Tuesday, July 21, 2020


Stumbling around in the Realm of the Cryptids

Why this one now: the only possibly important thing for me to write about at this point (relating to Faery) is the argument that there might exist a parallel reality from which these entities could emerge. That requires some real reading/research, however, and even with spending most of a week on it (Jotts, Glitches, Reality Shifts et al), the task is overwhelming. So: not quite yet. Instead I'm going to post some thoughts about Faery and Cryptids off the top of my head.

I can't claim status as a cryptozoologist. But I'm not stone ignorant about that field either (above is the shelving unit for my book library on these matters and there are a few file cabinet drawers.) I can't claim to have earned a "professional opinion" on all I'm about to type, but I can promise you that I've given most of the "big" crypto topics an honest try. 

 I've had a lot of exceptional help. As many know, I've been privileged to be tasked with the preservation of Ivan Sanderson's famous three-ring notebooks wherein he collected much of his raw materials for his own launching into these things. (above are most of the cryptozoology ones.) Here and there you can, by surprise, turn up other bits and pieces of crypto-joy in the larger SITU files. This, plus having close friends involved (Jerry Clark, George Eberhart, Henry Bauer), .... well, it's been an honor and a lot of fun. I'm only mentioning these things because I want you to know that the following "crazy" remarks about several of the cryptids haven't just sprung forth out of shallow imagination. 

Let's just jump in the deep end ....

Sea Monsters, Lake Monsters.

Everyone's favorite cryptid (well almost), Nessie, and all her lake and sea serpent cousins? Bunk? Bio? or Faery? Let me start with the Oceans ...

Sea Serpents: I gave this one a good try on this blog between May and July of 2011. There were 14 posts covering Ivan Sanderson's Sea Serpent files notebooks, which looked at 114 different claims. The claims were mapped crudely at least, and the best cases, in my opinion, were highlighted in the texts. The analyses made at least one thing very close to certain for me: none of the claims of sea serpent carcasses hold up. (There's a skeptical fellow going by the e-name of Markus out there who is a relentless attacker of such claims, and though I lack affection for that mindset, I know enough of the biology to realize that such debunking in this topic is legit.)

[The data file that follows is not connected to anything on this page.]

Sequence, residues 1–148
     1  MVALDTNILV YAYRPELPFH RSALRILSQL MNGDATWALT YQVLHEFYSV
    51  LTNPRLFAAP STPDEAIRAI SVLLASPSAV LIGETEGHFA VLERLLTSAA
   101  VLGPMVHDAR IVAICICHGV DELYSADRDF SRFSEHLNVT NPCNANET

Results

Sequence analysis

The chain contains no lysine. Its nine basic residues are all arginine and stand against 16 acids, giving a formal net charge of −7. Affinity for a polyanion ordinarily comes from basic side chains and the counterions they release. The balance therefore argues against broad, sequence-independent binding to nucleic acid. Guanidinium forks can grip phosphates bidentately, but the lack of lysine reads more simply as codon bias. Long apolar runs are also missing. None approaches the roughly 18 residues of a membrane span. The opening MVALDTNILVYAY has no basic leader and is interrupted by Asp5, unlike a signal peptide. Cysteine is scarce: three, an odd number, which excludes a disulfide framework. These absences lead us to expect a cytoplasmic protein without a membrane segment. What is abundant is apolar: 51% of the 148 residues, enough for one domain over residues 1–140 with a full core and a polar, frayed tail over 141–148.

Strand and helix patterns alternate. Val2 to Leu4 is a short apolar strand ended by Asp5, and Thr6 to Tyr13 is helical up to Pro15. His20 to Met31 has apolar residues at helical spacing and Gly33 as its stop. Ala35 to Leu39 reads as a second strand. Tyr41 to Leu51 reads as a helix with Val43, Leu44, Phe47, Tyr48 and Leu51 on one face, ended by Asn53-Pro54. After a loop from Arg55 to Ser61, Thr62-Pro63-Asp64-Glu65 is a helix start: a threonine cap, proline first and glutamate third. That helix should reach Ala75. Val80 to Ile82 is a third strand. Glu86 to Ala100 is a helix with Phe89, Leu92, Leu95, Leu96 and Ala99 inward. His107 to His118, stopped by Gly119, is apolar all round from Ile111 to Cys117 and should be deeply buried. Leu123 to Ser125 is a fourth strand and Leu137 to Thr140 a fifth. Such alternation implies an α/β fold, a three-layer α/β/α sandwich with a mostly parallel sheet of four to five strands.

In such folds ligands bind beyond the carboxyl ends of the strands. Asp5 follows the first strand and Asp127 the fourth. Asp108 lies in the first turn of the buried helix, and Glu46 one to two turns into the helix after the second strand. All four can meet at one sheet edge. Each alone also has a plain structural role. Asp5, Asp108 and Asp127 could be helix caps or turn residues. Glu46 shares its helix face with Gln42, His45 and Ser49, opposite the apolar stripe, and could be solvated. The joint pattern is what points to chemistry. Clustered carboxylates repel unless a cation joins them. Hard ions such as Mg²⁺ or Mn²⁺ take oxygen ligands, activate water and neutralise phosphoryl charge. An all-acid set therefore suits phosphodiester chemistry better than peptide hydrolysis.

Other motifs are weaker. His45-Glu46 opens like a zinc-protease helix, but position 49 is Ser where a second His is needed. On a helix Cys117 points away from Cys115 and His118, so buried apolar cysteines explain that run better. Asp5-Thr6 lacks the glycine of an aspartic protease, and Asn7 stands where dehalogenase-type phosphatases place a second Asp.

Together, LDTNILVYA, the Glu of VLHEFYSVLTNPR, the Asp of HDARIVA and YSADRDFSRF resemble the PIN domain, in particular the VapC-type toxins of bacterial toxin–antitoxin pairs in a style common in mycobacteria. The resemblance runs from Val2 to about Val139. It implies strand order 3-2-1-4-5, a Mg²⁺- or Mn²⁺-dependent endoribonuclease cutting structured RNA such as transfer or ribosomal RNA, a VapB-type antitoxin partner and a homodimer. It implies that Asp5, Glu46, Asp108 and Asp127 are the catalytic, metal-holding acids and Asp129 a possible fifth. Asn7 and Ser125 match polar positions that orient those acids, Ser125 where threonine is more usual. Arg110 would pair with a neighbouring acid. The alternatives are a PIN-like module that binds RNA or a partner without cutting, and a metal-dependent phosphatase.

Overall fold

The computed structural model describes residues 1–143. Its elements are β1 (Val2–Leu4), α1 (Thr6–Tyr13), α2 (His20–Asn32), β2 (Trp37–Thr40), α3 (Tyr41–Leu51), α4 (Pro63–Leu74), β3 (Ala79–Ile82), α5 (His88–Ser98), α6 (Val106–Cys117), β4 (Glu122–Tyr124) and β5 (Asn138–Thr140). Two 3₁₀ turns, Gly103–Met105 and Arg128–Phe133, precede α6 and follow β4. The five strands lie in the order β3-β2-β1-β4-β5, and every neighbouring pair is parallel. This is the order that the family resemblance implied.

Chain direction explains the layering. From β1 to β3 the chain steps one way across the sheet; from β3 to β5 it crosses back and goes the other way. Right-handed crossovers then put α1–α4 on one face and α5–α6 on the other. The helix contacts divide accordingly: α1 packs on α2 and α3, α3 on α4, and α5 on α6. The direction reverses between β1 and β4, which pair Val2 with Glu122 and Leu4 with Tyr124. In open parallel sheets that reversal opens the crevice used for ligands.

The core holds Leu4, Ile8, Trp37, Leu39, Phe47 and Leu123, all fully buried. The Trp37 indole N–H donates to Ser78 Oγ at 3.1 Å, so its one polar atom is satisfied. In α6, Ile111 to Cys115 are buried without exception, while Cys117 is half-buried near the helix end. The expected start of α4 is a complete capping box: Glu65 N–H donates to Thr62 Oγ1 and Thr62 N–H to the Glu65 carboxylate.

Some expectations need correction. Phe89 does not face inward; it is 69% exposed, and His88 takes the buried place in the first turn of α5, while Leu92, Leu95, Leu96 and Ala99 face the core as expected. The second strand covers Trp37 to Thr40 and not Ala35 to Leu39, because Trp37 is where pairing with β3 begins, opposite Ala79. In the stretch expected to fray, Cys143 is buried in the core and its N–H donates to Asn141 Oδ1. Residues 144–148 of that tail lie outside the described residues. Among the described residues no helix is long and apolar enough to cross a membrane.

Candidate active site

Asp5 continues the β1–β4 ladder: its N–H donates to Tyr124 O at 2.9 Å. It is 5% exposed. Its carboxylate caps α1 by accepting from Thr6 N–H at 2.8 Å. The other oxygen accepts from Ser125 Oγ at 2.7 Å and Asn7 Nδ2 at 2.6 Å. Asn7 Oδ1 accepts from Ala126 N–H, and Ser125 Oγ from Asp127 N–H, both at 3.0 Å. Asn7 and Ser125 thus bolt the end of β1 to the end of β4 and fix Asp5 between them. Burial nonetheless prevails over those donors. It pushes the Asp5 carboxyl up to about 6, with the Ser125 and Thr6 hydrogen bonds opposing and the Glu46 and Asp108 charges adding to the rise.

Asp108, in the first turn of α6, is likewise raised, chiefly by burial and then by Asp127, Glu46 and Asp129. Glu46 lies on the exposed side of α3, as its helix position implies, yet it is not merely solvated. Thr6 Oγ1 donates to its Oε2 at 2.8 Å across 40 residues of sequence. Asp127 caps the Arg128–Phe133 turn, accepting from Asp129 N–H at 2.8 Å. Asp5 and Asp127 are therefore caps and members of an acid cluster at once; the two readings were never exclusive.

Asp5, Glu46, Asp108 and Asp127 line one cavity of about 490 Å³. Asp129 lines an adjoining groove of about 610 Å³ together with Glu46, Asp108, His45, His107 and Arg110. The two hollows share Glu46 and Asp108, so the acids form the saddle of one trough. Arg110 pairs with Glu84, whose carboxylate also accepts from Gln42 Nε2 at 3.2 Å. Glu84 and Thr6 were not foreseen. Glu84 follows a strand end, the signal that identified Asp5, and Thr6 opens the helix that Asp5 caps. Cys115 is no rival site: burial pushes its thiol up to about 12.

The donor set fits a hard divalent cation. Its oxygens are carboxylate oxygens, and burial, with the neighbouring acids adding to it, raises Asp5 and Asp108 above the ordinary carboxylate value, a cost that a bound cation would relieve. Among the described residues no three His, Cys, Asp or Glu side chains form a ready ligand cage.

Having said that, there are also some terrific witness reports on swim-by observations of very odd sea creatures. 

Some reports are  surely the products of hysterical people, and even a fantasy-prone person here and there. Even if one is very liberal with such opinion, very few cases sound like that at all. Some of the cases DO sound like mis-identification of course. If everyone knew about Oarfish etc the data pile would be cleaner. But there are way too many "close encounters" with good witnessing to honestly claim universal debunking statements anywhere. Some serious numbers of the cases are "good anomalies."

 So, what are they? Biology or something stranger? I don't think that Biology is the correct answer. Biology should have carcasses. I've heard all the decades worth of anomalists dancing around this, but No. These things are a big deal --- not just in size but interest. We've had centuries of real interest in these things. NO carcasses. 

Maybe I could "forgive" that lack if we were still in the 19th century. Not now. In the 20th, the probable only real bio-monster (the Giant Squid) has been found, and found pretty much several times. Maybe a similarly gigantic octopus cousin could still hide out as a region-restricted bottom liver. So, OK if that character finally shows. But we are "radar-ing" the entire oceans now. We NEED to know submarines from underwater serpents, and apparently we are just fine with the knowledge that no such physical serpents freely roam the seas. But some serpents DO seem to occasionally roam. If not "physical", what? 

  There was one crypto-case which I spent a lot of original research upon: the alleged Pacific North West crypto-orm called by the local cultures "Wasgo", "Sisiutl", "WasX", and other names. This was a particularly rich possibility. The Wasgo not only had recent witness claims, but Native American PNW legends concerning it, many sorts of representative artifacts, and even ancient rock carvings. Something was obviously behind all of that. (The picture by the way is of my own artifact of the Wasgo: a ceremonial mask created by a famous mask-maker which I purchased while on a trip to Alaska --- at Skagway.) 

If I was going to find a real crypto-beast and a biological animal, this was a bigtime shot. I put everything together that I could. The beast seemed to be very like a zeuglodont,  a primitive whale with front legs but none at the rear --- an odd fact to be replicated in a myth and esoteric palaeontology identically. The research seemed to push the mystery out towards others, like Ogopogo. I liked the data. No matter how good it was, however, it really didn't distinguish between the paranormal possibility and the biological. I published this in the Journal for Scientific Exploration and am proud of the piece, but I really can't say that I solved the mystery. Here was the best case of a "sea monster" that I could ask for, and I was still juggling two hypotheses --- and no carcass and no high technology supportive evidence. What I DID have were local stories from the Native American cultures which pictured encounter incidents with the Wasgo very much like a fairy incident AND a list of common tribal crests which listed the Wasgo amongst the most popular choices of spirit icon entities. I am as sure as I can be in such a situation that the Wasgo exists, but not at all sure that it can be bio-textbook physical.